Outsourcing deals inked in the Asia Pacific in 2006 topped $US25 milliion, a 43 per cent increase on the previous year, according to advisory firm TPI.
Asia Pacific managing director of the outsourcing consultancy, Arno Franz, said 2006 was a stand-out year for the region accounting for 13 per cent of the global market.
"It is the first time market share has exceeded 10 per cent since 2002; but the relative immaturity of the Asia Pacific market makes it prone to spikes in activity so it remains to be seen if this is the start of an ongoing growth trend," Franz said.
The compound annual growth rate for service providers in the region is 10.5 per cent, according to TPI, which is more than double the global rate of 4.5 per cent.
Despite the 'lumpy' nature of the Asia Pacific market in terms of yearly contract awards, Franz said the sustained growth in annualised revenues since 2002 suggests there is some strength in the region's outsourcing market.
The big six service providers, namely Accenture, ACS, CSC, EDS, HP and IBM, are losing market share.
This group won 40 per cent of the region's contracts last year, compared with a 60 per cent share in 2002.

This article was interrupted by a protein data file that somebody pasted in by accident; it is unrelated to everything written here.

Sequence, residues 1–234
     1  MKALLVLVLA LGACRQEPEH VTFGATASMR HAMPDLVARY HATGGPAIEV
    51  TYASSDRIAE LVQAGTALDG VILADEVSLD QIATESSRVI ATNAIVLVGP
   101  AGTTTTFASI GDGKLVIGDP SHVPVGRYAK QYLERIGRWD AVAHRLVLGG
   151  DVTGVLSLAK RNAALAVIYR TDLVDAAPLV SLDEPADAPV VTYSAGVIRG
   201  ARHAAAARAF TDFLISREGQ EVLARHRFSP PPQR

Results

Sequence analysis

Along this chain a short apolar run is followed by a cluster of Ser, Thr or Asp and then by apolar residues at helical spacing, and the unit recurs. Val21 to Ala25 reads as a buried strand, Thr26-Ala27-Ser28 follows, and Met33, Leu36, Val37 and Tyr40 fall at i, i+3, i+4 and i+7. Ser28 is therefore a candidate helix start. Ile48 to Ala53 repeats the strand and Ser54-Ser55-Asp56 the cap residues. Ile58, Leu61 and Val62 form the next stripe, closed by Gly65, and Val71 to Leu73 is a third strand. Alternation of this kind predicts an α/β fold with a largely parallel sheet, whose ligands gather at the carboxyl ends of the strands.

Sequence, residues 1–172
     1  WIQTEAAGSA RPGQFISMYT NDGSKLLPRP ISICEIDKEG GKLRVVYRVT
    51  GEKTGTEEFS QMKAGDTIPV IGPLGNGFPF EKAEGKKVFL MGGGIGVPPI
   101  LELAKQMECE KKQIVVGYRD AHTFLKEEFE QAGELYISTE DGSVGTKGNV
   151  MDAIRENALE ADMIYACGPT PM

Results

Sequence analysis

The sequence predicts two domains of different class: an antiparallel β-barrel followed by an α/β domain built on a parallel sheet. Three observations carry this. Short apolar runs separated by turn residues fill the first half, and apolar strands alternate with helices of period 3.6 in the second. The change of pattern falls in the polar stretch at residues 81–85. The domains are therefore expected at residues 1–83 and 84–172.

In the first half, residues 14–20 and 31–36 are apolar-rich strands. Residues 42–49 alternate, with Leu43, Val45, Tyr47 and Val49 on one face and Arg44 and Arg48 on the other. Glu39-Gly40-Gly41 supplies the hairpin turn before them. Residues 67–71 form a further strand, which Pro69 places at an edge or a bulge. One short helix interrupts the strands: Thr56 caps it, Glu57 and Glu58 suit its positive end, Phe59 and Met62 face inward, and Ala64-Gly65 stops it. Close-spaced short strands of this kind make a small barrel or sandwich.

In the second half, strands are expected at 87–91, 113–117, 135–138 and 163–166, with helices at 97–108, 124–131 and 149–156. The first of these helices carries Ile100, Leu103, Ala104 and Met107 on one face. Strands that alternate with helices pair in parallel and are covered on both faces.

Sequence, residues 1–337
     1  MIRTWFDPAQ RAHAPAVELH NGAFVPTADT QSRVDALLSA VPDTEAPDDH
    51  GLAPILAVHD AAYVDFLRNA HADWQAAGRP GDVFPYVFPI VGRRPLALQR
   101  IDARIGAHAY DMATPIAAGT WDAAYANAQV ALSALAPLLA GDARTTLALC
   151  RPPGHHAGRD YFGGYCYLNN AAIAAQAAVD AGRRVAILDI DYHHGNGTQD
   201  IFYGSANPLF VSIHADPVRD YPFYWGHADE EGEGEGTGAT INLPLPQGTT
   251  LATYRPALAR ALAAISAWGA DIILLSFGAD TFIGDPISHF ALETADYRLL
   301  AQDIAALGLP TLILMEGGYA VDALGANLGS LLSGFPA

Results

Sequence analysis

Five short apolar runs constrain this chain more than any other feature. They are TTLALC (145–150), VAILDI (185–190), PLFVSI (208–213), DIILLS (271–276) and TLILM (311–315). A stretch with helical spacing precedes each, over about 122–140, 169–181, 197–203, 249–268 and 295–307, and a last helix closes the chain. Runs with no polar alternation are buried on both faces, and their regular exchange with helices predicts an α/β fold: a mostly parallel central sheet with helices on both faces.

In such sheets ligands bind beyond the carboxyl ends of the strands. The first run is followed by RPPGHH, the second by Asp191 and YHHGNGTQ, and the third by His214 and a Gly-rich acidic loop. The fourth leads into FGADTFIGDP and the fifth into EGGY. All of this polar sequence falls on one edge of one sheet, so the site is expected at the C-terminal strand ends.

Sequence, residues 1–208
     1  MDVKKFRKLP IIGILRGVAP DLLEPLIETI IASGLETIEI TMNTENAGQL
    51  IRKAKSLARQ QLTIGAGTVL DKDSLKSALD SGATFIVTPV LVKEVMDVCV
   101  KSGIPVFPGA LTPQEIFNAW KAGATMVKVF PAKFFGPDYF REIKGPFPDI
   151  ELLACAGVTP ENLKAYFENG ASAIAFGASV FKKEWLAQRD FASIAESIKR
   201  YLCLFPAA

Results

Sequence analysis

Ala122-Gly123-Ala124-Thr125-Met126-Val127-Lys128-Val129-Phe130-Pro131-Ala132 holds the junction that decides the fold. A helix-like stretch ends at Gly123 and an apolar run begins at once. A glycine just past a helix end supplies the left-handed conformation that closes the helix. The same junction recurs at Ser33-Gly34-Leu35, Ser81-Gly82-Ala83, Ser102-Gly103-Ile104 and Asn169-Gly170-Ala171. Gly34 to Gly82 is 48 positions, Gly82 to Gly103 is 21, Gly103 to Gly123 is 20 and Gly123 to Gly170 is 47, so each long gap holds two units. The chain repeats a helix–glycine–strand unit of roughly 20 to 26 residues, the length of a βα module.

Franz said the increased competition shows clients are more receptive to doing business with the non-Big Six providers.
"Alongside the global giants of outsourcing, there is clearly room for smaller, specialised service providers who can address specific client needs," he said.
"At the moment success for service providers in Australia, India and Japan , seems to be the determining factor for success in the Asia Pacific."
Indian outsourcers are increasingly becoming the big winners in the region.
For example, Tata Consultancy Services (TCS) announced today it has become the first Indian IT company to net $1 billion in revenues in one financial quarter (Q3 ending December 31, 2006) and post a 40 percent revenue increase year on year.
TCS recently signed a multi-year application development and support contract worth $90 million with Qantas.
Another provider Infosys Technologies Ltd., said earlier this month it expects full year revenue to be $US3.09 billion, up by 43.6 percent from revenue in the previous fiscal year.
In Australia, more than $A7 billion ($US5.46 billion) worth of outsourcing contracts are up for grabs in 2007.
According to research firm IDC, which has released the results of its 2006 Australian outsourcing end-user survey, a number of large contracts are expected to go with selective sourcing as organizations continue to unbundle mammoth IT contracts and look to best-of-breed providers.
IDC research manager for outsourcing and BPO (Business Process Outsourcing), Aprajita Sharma, said tier one providers face tough competition from Indian offshore outsourcers.